A study was undertaken to measure the noise levels made by different dental handpieces and equipment in dental practices and laboratories. Noise levels were measured in four dental practices and three dental laboratories. In the dental clinics, almost all noise produced by the dental instruments did not exceed the maximum permissible level of 85 dB. The only instrument that seemed to emit noise that was higher than 85 dB was the ultrasonic scaler in one of the dental clinics. [24]

Möller et al. reported temporary threshold shifts (TTS) in hearing in eight out of 20 subjects following a 5-min ultrasonic scaling procedure. [27] Unilateral changes of 10-20 dB in the frequency range of 3-10 kHz were demonstrated in these patients, three of whom had bilateral tinnitus. Both tinnitus and TTS are commonly accepted as early predictors of noise-induced hearing loss (NIHL). The liberal use of dental ultrasonic instruments may therefore pose a potential hazard to the hearing of the patient. [28]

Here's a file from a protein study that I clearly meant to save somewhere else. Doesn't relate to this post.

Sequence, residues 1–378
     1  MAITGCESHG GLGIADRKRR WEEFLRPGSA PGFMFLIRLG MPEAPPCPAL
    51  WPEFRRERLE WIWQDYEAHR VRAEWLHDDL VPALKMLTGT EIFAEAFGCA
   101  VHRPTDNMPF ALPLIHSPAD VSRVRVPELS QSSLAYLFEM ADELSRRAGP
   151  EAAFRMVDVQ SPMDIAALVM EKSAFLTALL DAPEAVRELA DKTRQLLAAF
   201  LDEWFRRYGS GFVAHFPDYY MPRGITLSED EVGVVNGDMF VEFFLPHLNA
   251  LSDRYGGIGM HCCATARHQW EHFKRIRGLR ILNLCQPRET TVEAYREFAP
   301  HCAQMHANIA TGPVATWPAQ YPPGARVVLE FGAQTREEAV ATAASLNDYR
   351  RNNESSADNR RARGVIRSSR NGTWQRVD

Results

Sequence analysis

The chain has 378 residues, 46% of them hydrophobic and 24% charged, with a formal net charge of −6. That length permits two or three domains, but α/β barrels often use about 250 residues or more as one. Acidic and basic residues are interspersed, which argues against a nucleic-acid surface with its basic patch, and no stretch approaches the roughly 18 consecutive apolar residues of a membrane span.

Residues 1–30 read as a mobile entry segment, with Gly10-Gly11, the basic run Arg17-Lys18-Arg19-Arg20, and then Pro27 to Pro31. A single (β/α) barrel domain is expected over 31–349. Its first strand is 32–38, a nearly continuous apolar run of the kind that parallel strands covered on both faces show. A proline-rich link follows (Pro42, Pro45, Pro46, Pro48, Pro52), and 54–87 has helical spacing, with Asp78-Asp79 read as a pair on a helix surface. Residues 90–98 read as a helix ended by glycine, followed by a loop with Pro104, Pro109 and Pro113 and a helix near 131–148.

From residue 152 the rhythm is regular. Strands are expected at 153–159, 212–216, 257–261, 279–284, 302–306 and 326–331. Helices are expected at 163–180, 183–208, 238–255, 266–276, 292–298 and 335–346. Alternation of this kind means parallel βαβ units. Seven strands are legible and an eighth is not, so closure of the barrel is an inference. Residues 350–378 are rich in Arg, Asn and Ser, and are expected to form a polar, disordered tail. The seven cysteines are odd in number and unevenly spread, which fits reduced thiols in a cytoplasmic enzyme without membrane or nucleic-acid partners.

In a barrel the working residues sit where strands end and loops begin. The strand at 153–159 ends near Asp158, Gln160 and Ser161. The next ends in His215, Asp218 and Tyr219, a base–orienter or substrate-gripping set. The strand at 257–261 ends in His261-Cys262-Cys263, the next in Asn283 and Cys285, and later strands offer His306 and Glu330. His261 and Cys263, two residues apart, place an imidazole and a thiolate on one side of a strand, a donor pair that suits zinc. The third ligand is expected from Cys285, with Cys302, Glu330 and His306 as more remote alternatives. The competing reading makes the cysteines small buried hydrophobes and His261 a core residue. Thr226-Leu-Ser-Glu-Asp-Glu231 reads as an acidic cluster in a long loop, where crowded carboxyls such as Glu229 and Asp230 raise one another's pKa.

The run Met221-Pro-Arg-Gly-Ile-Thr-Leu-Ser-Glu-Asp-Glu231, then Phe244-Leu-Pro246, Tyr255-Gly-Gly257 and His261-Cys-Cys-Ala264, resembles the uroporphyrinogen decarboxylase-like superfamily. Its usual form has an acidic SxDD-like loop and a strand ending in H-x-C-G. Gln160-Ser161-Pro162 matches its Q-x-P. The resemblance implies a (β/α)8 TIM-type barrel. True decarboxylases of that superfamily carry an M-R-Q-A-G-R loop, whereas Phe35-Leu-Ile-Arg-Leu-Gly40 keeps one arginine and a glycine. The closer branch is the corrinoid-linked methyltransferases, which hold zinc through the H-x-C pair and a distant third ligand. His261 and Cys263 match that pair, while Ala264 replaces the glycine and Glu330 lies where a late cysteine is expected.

A longitudinal study of 10 years duration on general practitioners and general dental practitioners concluded that dentists are at higher risk of hearing impairment although not generalized. [29]

Thus, ultrasonic scaler has been shown to cause no permanent harm to hearing through airborne noise. Transmission of ultrasound through the bone may potentially damage the inner ear; although, this has not been demonstrated. Work is needed to identify if hearing loss is a problem for patients who receive regular ultrasonic scaling. [9]

Attenuation of auditory hazards

As NIHL is not a treatable condition it can only be partly relieved by rehabilitative means, prevention therefore assumes a great importance. [24]

Theoretically there are five methods of prevention of NIHL:

  1. Exclusion from noise exposure of those who are most susceptible to NIHL
  2. To reduce the exposure time